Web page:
Image Source: Everett Collection
Warning: there are no spoilers below, but there is a lot of passion for National Treasure.
Disney is currently neck-deep in franchises like Star Wars and Marvel's The Avengers, but Reddit would like the studio to kindly shift its attention to a different yet equally worthy series of beloved movies. No, we're not talking about a new Toy Story film or even a sixth Pirates of the Caribbean — we're talking about National Treasure.
The first action-adventure film in the two-part series came out in 2004, introducing us to Nicolas Cage's Benjamin Franklin Gates (yes, that's his given name), an American historian, cryptologist, and part-time treasure hunter. Along with the help of trusty assistant Riley (Justin Bartha) and archivist Dr. Abigail Chase (Diane Kruger), Ben sets out to find a fabled cave of gold hidden long ago by America's founding fathers and the Freemasons. And, of course, this plan gives Cage the opportunity to utter this now-iconic line:
Image Source: Disney
Truly, what more could you want in a story? Technically I know I'm supposed to hate these mediocre movies, what with their outrageous plots, cringe-y dialogue, and insistence on repeatedly stealing the impossible (in the first film it's the Declaration of Independence, in the second it's the American president, NBD). But Cage's unabashed gusto and the undeniable chemistry he has with both Bartha and Kruger easily makes it one of my Top Five Movies to Always Stop and Watch If It's Playing on TNT.
Critics might have panned both the first film (which earned a 46 percent on Rotten Tomatoes) and its sequel, National Treasure: Book of Secrets (which pulled in an unjust 36 percent rating), but this is one of the many instances where the audience's opinion appears to diverge greatly: according to Rotten Tomatoes, the first and second earned 76 percent and 67 percent with audiences, respectively. A third, and presumably final, installment for the series is reportedly in the works, but there hasn't been any concrete news about it for quite some time.
Fortunately Reddit user thesicarios is doing the lord's work and taking this injustice straight to Disney (well, straight to Disney via a message board). They recently started a passionate thread begging the studio for a third installment of the National Treasure franchise, which is truly a joy to scroll through:
I absolutely adore the National Treasure films. I'm aware they are not the best films, but they are great family fun adventure films. It is silly and campy as hell, but that is part of the charm. Adventure films need to make a comeback, as well as Nicholas Cage! More Cage is not a bad thing. Cast is great too with Diane Kruger, Justin Bartha, Jon Voight, Helen Mirren and Harvey Keitel! Make use of them! So hey Disney if you are reading this, if you can commit for Indy 5, make National Treasure 3 too while you're at it!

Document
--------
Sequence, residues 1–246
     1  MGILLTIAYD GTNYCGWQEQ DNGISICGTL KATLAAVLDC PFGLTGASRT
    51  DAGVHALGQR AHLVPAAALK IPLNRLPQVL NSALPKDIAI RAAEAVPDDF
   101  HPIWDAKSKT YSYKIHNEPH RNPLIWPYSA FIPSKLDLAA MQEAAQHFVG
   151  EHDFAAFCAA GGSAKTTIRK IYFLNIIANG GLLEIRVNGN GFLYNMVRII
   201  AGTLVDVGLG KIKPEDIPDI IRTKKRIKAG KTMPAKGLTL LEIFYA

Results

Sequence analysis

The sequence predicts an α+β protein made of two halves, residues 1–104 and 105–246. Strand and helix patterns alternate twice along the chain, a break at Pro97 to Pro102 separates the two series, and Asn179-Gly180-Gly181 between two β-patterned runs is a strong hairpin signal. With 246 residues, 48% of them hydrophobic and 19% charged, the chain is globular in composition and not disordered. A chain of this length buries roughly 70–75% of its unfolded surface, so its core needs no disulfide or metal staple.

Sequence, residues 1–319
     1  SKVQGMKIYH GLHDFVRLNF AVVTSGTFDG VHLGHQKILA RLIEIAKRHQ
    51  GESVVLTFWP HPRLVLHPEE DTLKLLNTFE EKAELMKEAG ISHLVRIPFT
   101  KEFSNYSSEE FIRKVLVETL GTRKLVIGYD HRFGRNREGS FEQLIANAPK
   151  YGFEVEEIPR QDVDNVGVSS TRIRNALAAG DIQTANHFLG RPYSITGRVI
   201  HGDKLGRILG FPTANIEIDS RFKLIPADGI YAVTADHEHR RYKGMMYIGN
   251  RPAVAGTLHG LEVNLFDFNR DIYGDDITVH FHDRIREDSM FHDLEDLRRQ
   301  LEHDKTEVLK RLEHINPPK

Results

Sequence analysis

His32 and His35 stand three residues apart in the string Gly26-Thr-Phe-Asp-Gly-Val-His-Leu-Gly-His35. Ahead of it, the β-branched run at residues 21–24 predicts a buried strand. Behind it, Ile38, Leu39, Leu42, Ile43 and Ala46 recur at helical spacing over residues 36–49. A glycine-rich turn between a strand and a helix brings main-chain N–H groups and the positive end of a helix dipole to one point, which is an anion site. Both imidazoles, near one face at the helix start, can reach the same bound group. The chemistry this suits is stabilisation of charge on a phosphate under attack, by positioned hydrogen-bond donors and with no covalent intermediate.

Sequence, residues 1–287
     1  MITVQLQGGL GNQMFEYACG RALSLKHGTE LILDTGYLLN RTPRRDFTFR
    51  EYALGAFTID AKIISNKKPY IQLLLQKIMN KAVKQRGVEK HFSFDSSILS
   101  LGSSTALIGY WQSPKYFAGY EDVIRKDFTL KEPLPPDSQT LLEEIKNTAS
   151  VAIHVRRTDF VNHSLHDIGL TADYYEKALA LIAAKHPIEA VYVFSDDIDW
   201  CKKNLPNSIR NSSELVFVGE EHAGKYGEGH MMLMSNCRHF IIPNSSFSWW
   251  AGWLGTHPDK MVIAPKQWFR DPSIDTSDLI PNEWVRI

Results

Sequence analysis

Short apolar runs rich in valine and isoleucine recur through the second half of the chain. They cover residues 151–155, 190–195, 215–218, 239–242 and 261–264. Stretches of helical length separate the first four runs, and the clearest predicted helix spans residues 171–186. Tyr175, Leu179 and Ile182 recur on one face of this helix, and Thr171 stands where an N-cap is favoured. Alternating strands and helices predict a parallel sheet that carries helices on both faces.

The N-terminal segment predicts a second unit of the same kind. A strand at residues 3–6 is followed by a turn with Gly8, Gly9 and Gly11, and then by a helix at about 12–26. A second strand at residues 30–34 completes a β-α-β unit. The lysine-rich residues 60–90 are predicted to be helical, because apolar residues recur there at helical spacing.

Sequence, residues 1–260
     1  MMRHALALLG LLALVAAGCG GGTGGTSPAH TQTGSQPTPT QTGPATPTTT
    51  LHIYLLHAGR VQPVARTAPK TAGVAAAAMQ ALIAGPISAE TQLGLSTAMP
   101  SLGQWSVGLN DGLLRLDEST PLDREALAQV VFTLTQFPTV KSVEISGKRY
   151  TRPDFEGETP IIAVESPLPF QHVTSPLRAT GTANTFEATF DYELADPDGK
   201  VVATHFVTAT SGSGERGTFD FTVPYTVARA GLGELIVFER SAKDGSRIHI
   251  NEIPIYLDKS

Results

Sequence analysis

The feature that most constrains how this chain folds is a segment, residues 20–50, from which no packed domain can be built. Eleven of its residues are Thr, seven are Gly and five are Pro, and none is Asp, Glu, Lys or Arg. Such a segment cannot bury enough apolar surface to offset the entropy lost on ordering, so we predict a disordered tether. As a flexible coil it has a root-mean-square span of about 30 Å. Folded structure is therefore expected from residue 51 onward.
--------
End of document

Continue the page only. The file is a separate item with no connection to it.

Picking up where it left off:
While I have to disagree with another Indiana Jones movie (have we not put Harrison Ford through enough?), I fully support yet another adventure alongside Benjamin Franklin Gates. Luckily, so do a bunch of other people.
"Honestly, with the current political and social climate, we need more films like these," one fellow fan wrote. "We need more hopefulness, more bright idealism, more 'we can do the thing' attitude." Another Reddit user noted that the National Treasure franchise reminds them of Brendan Fraser's The Mummy ("a silly awesome adventure!"), while someone else wrote about their unabashed love of the movie: "I don't even feel guilty about it. The first one is one of my favorite movies, it's just so much fun. I was also a huuuge revolutionary war [and] founding fathers buff growing up, so this was right up my alley."
Image Source: Disney
Of course, then the conversation evolved into people sharing their similar feelings for the action-adventure film Sahara, as well as an appreciation thread for one of its stars, Steve Zahn (all of which I also support, let the record show). Whether or not Disney hears our cries, let me just leave you with a final comment from Redditor peatymasta, which is the most accurate description of National Treasure I've ever read:
If aliens came down from space and asked to see a "movie," I would show them National Treasure. It is literally the most representative, average, top-of-the-bell-curve movie I've ever seen. It's got adventure, it's got romance, it's got a mystery to be solved by Nicholas Cage. It's in no way horrible, and at the same time it's in no way profound. It's the perfect 5/10 movie, and it's what I use to rank any movie's merit- was it better or worse than National Treasure?